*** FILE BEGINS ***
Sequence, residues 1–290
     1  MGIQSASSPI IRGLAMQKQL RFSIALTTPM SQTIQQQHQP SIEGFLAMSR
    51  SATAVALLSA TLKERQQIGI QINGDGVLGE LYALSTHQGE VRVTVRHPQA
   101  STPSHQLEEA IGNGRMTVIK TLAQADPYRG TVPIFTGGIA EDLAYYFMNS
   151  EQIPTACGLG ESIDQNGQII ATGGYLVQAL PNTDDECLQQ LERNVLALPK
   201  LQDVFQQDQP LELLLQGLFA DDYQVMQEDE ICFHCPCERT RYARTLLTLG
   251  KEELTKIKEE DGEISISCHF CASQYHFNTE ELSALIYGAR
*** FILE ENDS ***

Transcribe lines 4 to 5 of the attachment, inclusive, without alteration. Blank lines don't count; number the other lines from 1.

   101  STPSHQLEEA IGNGRMTVIK TLAQADPYRG TVPIFTGGIA EDLAYYFMNS
   151  EQIPTACGLG ESIDQNGQII ATGGYLVQAL PNTDDECLQQ LERNVLALPK